Newsline Volume 32, Number 4

Positive Behavioral Interventions and Collaborative Problem Solving: A New Approach

By Jane Crecco, Training & Support Specialist, Recruitment, Training & Support Center for Special Education Surrogate Parents (RTSC)

In the last issue of Newsline, the RTSC introduced the Functional Behavioral Assessment (FBA), the first step an IEP Team must take to formally address challenging behaviors. Once the FBA is complete, and the IEP Team is assured that an even more in depth behavioral assessment is not needed, the Team can begin developing a Positive Behavioral Intervention Plan (PBIP).

A PBIP is written based on the data collected for the FBA, such as general learning environment, problem behavior, and events taking place in the student's life. The FBA should include antecedents (events that have preceded the behavior), consequences (events that are the result of the behavior), and situations in which the behavior does not occur. Finally, the FBA should also include a hypothesis statement that takes into account the reason why the behavior occurs, what function the behavior serves, and what to do about the behavior. An example of a hypothesis statement could be: "Arthur disrupts reading class by swearing at the teacher when he is asked to read aloud. He is most likely to disrupt the class if he has not had breakfast or if there was a problem at the bus stop. When Arthur starts swearing, the reading teacher makes him leave the group."

The next step in the PBIP is to figure out what can be done to replace the behavior (in this case, swearing) with another behavior that changes the outcome or consequence (Arthur having to leave reading class). Collaborative Problem Solving, the technique developed by Dr. Ross Greene, involves the teacher and the student. In this situation, the reading teacher can say to Arthur, "I can see you are upset that you are being asked to read aloud. What can you and I do to help you not be so upset?" The outcome of this problem solving technique is to get Arthur to build the skills necessary for him to: 1) Name his emotion rather than acting it out; 2) Become aware that his hunger and problems at the bus stop affect his ability to do the right thing; and 3) Ask for help when needed - in this case, to let the person in charge know that he has to eat or talk with an adult about what happened on his way to school. The approach is always with empathy and the response is not imposed by an adult in authority. This allows Arthur to feel safe and involved in solving his own behavioral challenges.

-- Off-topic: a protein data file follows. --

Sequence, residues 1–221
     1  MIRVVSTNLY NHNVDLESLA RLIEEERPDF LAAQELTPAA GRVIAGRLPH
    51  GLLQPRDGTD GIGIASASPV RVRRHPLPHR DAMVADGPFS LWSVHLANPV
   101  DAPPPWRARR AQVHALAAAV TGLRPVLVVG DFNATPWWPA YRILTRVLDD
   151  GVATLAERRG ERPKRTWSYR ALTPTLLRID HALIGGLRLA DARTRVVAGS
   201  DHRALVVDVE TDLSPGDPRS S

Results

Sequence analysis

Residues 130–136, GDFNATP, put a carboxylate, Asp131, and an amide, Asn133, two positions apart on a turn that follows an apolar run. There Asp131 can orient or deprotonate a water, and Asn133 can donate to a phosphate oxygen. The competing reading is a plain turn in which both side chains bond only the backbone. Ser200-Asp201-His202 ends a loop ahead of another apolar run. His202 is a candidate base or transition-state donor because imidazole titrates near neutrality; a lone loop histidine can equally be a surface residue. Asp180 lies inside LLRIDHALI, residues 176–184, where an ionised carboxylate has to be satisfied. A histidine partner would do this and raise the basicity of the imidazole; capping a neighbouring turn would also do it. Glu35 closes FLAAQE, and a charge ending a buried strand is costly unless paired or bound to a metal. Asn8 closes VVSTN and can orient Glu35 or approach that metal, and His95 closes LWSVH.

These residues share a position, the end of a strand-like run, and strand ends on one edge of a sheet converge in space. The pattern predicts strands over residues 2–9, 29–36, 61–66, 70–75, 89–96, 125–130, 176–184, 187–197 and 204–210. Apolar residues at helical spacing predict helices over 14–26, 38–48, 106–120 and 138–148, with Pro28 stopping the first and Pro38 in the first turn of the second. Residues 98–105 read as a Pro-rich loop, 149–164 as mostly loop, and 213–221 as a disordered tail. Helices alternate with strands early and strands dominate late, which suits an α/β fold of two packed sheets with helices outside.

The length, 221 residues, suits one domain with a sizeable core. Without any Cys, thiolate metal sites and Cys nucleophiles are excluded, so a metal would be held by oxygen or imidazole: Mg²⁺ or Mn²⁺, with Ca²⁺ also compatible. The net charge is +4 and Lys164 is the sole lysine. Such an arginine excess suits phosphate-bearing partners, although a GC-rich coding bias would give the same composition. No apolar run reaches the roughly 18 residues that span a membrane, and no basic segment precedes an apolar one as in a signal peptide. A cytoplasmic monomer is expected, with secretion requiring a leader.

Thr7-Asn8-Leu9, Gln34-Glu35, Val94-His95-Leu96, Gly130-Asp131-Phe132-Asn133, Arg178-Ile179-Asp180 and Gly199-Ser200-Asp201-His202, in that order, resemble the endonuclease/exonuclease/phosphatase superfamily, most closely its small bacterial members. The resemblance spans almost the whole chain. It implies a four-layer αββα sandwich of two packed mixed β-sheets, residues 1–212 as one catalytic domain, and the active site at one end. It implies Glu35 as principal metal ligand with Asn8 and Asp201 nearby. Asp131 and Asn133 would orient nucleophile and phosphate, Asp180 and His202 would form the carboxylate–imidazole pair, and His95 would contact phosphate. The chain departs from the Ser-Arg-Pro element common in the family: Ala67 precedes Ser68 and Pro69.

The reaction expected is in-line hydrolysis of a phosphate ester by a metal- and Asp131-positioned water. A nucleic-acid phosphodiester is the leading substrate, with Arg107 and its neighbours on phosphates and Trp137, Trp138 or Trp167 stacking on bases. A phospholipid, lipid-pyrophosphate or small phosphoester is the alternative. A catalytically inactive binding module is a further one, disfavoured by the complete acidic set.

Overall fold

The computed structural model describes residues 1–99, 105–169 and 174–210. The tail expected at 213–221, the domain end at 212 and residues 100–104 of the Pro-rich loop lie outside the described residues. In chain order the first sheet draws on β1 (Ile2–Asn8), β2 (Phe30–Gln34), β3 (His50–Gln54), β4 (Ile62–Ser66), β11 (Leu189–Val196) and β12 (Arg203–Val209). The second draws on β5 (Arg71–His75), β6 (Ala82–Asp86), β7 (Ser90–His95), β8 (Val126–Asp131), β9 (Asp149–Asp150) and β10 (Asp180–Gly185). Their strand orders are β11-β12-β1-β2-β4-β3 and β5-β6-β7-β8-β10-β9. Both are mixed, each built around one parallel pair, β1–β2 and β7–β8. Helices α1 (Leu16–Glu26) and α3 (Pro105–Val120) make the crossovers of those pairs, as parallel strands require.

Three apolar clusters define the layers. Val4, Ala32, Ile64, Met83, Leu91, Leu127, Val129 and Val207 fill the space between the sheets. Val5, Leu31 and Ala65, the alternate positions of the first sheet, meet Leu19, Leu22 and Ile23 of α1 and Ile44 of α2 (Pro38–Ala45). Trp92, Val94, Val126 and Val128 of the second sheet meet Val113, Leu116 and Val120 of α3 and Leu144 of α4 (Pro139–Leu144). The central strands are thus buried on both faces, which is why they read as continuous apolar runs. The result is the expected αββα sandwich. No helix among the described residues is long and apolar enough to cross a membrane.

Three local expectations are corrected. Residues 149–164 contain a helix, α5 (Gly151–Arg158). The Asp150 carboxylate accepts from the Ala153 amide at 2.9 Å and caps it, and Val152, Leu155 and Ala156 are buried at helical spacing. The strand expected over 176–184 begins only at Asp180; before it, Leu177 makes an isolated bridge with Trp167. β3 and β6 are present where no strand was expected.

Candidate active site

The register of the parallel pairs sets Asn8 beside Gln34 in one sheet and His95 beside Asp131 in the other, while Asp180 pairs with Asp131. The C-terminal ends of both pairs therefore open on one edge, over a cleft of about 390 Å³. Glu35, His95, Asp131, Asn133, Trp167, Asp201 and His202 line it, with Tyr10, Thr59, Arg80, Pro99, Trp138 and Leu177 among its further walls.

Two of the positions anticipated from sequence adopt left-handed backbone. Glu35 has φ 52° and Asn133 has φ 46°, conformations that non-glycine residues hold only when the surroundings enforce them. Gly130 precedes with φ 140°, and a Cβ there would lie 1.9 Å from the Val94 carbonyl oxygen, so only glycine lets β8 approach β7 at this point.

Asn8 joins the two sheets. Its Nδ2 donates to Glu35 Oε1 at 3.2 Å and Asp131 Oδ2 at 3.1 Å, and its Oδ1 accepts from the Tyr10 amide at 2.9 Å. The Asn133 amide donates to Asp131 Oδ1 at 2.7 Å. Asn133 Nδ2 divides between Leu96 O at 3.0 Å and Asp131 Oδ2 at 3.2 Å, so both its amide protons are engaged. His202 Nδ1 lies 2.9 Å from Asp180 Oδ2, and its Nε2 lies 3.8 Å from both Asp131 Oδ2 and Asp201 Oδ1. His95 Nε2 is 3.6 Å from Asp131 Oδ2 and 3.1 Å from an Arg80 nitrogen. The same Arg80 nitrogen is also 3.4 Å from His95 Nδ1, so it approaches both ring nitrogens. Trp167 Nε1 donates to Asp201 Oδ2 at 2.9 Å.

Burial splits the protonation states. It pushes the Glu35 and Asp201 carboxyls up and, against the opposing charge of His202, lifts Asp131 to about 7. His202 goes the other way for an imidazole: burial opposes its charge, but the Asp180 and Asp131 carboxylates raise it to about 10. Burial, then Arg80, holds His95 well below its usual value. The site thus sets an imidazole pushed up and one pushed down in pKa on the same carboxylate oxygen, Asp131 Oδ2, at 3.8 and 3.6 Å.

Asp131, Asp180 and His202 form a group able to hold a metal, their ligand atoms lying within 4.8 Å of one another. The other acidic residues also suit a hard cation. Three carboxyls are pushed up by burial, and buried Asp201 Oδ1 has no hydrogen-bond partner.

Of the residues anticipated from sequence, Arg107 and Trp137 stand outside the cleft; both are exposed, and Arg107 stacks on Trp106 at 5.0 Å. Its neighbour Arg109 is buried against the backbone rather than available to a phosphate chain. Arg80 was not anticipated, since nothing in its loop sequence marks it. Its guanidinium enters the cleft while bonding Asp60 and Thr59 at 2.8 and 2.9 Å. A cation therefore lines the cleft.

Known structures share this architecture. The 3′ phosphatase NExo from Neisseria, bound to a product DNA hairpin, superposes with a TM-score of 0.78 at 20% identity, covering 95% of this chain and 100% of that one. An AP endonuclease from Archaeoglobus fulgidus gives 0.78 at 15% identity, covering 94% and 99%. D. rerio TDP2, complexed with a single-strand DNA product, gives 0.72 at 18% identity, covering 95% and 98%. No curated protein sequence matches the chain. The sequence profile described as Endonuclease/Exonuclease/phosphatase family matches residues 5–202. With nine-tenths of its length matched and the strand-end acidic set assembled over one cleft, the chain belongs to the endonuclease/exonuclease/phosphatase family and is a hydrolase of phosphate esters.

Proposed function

Research data show that Collaborative Problem Solving is very successful, especially in building skills for students who have behavioral challenges. The idea is to build skills to replace behaviors rather than imposing consequences ("consequating") in order to change behaviors. Dr. Greene's approach is empirically-based and reflects the fact that children who have not responded positively to natural consequences, do not need more consequences - they need adults who are knowledgeable about how and why challenging children become challenging. This is the most important theme of Collaborative Problem Solving: if children could do well, they would do well. In other words, if the child had the skills to exhibit adaptive behavior, he or she wouldn't be exhibiting challenging behaviors. That's because doing well is always preferable to not doing well.

You can learn more about Positive Behavioral Interventions and Collaborative Problem Solving at the following websites: www.livesinthebalance.org, www.pbis.org, and www.fcsn.org/peer/ess/pdf/posbehavib.pdf